Leighton Klevana, AmCham's new executive director, is fluent in both English and Slovak.
photo: Courtesy AmCham
"I'd like to see a lot less emphasis on networking and socialising and a lot more on influencing the government to make changes which will improve Slovakia's environment for business," said Klevana, who was appointed to his post at the end of February. "I think (in the coming years) you are going to see a very different AmCham than you see today.''
The American Chamber of Commerce in Slovakia was founded in 1991 and has since grown to become an active organization which hosts business discussions and breakfasts, serves as a general databank and resource, and otherwise tries to assist its membership of 140 American and foreign firms. Members say the group can be a valuable forum in which to make business contacts and sometimes, find prospective employees.
At a recent AmCham event, for example, the Austrian-owned Target executive search firm found two people whom they later placed in jobs. "The organization is very active....it offers interesting events and is very useful," said managing director Klemens Wersonig, adding that "the American Chamber is still the one that is the most international."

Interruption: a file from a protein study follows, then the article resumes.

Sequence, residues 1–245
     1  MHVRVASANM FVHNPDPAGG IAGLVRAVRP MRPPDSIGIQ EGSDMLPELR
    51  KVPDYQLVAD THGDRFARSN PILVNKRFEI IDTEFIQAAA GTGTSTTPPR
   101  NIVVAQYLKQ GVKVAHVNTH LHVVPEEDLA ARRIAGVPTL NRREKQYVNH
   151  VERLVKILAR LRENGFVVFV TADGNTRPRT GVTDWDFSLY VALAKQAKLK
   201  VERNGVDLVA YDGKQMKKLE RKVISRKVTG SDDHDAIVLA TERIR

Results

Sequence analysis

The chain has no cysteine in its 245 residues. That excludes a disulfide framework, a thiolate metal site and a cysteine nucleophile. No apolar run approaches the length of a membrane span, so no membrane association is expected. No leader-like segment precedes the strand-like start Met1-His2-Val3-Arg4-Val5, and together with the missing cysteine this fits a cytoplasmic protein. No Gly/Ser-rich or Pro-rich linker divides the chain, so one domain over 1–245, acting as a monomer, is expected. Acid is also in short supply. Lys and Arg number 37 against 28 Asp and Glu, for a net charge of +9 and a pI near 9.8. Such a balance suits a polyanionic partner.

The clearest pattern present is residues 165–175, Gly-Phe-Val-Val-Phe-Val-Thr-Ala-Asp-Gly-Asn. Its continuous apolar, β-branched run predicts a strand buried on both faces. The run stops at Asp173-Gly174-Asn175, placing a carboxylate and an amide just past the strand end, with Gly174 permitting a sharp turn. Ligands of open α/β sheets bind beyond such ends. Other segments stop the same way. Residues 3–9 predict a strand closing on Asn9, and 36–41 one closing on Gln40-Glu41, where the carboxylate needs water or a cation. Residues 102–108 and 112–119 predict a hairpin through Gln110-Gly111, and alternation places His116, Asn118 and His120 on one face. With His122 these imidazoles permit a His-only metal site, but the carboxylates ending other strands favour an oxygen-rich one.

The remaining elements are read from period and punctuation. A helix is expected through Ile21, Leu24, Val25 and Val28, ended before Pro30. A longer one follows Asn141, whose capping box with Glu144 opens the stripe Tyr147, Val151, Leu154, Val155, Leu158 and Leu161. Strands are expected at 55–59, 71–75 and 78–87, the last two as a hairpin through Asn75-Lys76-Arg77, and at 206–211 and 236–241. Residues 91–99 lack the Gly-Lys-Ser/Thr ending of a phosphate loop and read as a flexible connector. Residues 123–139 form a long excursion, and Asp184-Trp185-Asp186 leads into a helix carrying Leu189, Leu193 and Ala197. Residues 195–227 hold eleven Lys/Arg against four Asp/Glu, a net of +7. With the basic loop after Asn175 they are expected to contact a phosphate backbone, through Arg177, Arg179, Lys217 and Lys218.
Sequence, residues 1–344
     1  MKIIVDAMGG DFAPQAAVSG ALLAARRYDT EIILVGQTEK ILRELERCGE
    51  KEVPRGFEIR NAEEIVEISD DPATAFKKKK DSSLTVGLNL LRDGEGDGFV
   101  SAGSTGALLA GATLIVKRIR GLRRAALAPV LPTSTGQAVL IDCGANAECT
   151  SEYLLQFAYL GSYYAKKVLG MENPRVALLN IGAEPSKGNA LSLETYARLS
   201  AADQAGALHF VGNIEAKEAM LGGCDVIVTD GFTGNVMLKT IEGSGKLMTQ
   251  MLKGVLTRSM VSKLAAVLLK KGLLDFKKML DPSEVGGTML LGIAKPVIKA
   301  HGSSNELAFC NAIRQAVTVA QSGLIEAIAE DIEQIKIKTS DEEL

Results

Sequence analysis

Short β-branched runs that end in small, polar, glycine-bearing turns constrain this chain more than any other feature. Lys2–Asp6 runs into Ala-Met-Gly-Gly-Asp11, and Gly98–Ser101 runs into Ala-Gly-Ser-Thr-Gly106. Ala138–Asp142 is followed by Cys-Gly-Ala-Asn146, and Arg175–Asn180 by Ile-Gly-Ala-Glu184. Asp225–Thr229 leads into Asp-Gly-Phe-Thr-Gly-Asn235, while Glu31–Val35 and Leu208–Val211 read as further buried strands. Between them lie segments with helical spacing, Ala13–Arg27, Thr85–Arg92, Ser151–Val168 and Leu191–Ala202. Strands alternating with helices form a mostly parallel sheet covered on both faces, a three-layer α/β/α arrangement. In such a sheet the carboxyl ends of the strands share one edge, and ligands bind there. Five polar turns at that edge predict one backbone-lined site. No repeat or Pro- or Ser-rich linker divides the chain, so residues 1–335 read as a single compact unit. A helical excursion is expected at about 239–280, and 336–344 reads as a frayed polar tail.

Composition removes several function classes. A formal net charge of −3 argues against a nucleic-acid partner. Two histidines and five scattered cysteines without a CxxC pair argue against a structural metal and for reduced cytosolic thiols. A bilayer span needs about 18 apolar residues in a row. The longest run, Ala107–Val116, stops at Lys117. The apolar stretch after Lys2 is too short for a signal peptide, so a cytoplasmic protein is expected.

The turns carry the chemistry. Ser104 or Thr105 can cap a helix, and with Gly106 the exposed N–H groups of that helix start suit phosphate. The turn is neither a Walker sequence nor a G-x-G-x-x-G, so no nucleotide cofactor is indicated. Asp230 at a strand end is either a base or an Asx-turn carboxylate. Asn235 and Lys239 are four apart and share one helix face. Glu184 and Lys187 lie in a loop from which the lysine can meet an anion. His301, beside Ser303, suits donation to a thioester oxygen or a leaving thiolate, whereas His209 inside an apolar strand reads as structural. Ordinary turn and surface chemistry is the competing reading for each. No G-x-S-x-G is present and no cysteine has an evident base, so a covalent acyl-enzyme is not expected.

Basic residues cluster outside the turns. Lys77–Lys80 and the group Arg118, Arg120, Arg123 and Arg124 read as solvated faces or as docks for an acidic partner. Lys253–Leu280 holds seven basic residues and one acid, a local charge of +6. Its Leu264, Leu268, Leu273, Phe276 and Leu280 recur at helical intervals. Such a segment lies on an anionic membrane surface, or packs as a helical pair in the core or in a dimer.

While Klevana said he hopes to continue giving business people an opportunity to meet, he believes that should be just one of its functions. Born in 1934 in Prague to a Slovak father and American mother, he has spent most of his life in the United States and is fluent in both languages. A lawyer by profession, he has lived and worked in Slovakia since 1991 as head of the Slovak-American Enterprise Fund, and later, as the head of the tax law section at international tax advisory firm Deloitte and Touche.
Klevana would like to see his members actually help the government draft legislation, which it would do as a service to the government. He said he has close ties with Finance Minister Brigita Schmögnerová, Economy Minister Ľudovít Černák and Foreign Minister Eduard Kukan and hopes to set up meetings with them to discuss changes that need to be made.
He would also like to see a 30% increase in AmCham's membership, more educational programmes on business topics for both members and non-members, and more interaction between other nations' Chambers of Commerce in Slovakia and other AmChams abroad.
His thoughts were underlined by the current president of the Chamber, David Francis.
"What we want to do with the new government is help achieve changes in the business climate which we think are necessary to bring in foreign investment," he said, adding that issues of business transparency and tax and import duties could be a focus.
To accomplish all of this will require a burst of energy from the membership, and Klevana said he believes they are ready to deliver it.
"I think with an energetic person at the helm people are going to be energised," he said.
"We'd like to take the AmCham from one level to the next.''